Preference to NYC Parks professional staff
Olmsted Center / Flushing Meadows-Corona Park
Noon to 1 PM
Communities across the United States face concerning trends related to civic life, including distrust, low voter turnout, and growing social and economic divides. In light of these trends, the Center for Active Design has released the Assembly: Civic Design Guidelines, a pioneering resource that details evidence-based, practical strategies for shaping communities of inclusion and belonging—demonstrating that public spaces and buildings can invite people to participate, instill community pride, and facilitate equitable access and positive interactions among diverse user groups.
This session, led by Suzanne Nienaber from the Center for Active Design, will introduce the Assembly Guidelines’ evidence-based approach to shaping community design, with a specific emphasis on parks and open space. The presentation will reflect on historic and emerging research that points to the connection between the built environment and civic participation, and feature a range of sample projects from New York City and across the country. Interactive discussions will leave participants with a better understanding of practical strategies for shaping civic life through park design, programming, and maintenance.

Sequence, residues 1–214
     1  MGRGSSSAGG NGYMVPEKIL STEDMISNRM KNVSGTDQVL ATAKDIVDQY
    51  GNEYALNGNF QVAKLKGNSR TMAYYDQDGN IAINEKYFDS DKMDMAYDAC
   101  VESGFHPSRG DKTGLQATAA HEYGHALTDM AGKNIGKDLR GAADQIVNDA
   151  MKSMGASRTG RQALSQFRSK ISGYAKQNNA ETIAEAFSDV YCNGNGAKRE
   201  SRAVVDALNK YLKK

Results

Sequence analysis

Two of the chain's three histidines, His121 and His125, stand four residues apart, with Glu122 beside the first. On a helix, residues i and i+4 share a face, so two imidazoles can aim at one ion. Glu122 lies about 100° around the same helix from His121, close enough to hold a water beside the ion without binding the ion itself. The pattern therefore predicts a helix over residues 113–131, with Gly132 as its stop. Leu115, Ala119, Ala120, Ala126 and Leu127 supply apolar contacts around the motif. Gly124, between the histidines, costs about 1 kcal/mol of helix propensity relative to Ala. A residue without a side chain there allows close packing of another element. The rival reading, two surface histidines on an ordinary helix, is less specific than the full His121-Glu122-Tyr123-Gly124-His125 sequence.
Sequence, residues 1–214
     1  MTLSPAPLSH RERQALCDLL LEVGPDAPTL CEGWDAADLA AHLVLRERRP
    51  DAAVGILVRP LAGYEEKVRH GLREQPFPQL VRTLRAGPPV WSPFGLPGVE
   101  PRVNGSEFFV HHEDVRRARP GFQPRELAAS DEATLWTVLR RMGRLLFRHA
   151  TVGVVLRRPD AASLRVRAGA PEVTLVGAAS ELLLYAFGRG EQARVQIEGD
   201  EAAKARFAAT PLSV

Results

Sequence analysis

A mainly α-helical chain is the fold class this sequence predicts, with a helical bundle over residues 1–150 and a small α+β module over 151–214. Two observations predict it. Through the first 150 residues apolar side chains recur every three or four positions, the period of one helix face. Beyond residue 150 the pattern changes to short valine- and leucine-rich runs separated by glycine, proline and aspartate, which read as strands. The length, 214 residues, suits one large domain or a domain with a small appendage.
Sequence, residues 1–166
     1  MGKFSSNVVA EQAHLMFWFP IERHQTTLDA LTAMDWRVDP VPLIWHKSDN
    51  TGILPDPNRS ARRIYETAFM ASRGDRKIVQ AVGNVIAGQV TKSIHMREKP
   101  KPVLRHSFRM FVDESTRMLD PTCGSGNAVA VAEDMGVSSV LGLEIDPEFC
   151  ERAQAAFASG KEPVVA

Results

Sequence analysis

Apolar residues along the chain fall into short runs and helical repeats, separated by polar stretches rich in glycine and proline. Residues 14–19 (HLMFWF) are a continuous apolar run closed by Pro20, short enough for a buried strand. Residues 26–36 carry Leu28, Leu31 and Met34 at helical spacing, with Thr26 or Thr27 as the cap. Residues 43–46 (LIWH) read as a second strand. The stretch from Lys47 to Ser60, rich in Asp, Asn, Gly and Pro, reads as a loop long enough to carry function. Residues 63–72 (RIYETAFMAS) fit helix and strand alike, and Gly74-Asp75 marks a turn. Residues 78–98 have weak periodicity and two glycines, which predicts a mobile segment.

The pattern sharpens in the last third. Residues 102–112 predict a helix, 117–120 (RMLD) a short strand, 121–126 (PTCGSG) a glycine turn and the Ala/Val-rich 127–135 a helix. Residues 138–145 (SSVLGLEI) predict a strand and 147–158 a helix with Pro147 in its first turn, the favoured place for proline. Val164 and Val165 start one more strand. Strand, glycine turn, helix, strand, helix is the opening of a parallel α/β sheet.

Flushing, Queens, NY
Housing & Community Design
Parks & Recreation
Health, Safety and Welfare
• Attendees will identify specific examples of how design, maintenance, and programming elements in parks can impact four measures of civic life: trust, participation, stewardship, and local voting
• Attendees will gain access to a range of resources, including emerging data, case studies, and practical design and policy solutions from across the country that can be applied in parks and public spaces
• Attendees will conceptualize innovative opportunities and methods for parks and recreation professionals to elevate civic life and benchmark successes
• Attendees will reflect on the importance of community engagement in public space design and decision-making
Suzanne Nienaber, Center for Active Design
NYCParks and Rec
NYC Parks & Recreation Department